Eighth grade students at Henley Middle School can now participate in an after-school programming club taught by computer scientist Krishan Leong. Exposing students to computer programming early helps them figure out if they are interested in pursuing the field. It also gives them a head start learning skills that will help them succeed in college or in the work force. For many of these students though, this club is just pure fun; they aren’t thinking about their futures.
“Kids are drawn to the computer. My kids are always talking about different apps and they want to learn how to make them,” says Gineane Stalfort, a Henley parent and PATSO president. She was discouraged when she first looked into programming classes for her oldest son. The classes offered at Henley teach students how to use computers, but not how to program them. So she was elated when Krishan Leong contacted her about opportunities to promote computer science at Henley. Together, they came up with the idea to start an after-school club.
Leong is not new to Albemarle Public Schools. He taught Computer Science, including the AP class, at Albemarle High School for three years from 2003 to 2006. He left Albemarle for a seven-year career in the private sector and is now interested in returning to education. His experience underscores a common problem for high schools around the country. With the high demand for programmers in the private sector, it’s hard for schools to compete for talent. Yet a computer scientist is a necessary component of a comprehensive program that aims to teach students at a deep level. Leong is currently finishing a long-term substitute assignment at Western Albemarle High School, where his advanced students have already built a fully functional Tetris game.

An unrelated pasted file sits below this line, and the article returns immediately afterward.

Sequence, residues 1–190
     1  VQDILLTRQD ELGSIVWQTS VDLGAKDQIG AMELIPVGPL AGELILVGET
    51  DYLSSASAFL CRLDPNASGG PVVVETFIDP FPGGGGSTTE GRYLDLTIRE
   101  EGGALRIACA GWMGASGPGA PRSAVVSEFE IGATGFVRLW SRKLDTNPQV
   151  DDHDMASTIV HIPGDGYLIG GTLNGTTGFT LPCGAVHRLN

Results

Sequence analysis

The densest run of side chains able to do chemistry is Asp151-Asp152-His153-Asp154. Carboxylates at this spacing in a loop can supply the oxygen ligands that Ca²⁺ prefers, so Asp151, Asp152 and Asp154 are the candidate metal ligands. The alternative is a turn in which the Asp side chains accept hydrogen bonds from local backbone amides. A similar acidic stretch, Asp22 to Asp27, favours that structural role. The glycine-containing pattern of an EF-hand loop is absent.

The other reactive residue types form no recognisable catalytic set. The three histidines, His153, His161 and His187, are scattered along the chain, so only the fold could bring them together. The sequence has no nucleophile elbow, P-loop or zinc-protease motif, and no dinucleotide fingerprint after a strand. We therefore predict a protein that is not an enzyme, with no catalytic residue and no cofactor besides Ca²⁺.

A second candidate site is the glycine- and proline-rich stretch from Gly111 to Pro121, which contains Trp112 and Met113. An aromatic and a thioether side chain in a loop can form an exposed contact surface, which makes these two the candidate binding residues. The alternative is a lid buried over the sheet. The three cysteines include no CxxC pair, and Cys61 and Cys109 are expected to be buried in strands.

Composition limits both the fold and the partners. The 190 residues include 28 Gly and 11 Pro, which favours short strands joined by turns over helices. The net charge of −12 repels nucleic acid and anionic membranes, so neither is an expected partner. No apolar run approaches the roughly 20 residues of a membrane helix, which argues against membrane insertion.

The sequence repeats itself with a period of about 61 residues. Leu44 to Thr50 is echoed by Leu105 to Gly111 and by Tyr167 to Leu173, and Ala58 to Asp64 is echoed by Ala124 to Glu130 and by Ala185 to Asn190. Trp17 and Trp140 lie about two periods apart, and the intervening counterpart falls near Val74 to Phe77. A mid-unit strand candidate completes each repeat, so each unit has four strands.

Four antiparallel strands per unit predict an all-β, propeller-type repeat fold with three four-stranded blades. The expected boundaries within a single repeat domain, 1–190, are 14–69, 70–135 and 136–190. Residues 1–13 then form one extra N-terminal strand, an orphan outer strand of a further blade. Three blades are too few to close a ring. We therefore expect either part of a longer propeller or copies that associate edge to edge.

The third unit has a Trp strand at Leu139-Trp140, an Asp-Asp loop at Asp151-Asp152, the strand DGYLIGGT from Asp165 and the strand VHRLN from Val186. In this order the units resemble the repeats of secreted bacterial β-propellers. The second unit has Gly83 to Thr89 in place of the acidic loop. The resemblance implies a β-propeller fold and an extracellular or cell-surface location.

But recruiting students to take computer science classes might be an uphill battle. Computer science classes are often difficult to fit into student schedules because of the increased standards for core subjects like math, science and language arts and because of fewer elective periods. In addition, students often avoid taking challenging elective classes because they don’t want to jeopardize their grade point averages.
According to Computing to the Core, an advocacy group for K-12 education, computer science should be considered a core subject. Its importance in our education system would then align with its importance in our job market, where the projected number of computing jobs in the next ten years will be double that of all other STEM jobs combined.
Leong envisions a strong computer science program for high schools, one that offers a level-two introductory class as well as an advanced placement class that could earn students college credit. In addition, he hopes to lead teams to national competitions in areas of programming, game development and cyber security. “Computer Science is such a great field: there are so many practical, fun applications that the kids can work on,” says Leong.
The Henley club has already met for two weeks at the Western computer lab. For their first class, students created a Mad-Lib game that collected user inputs and spit them out into funny sentences. The students are fully engaged, doing what they love, and their parents are hopeful for more programming opportunities for their children at Western.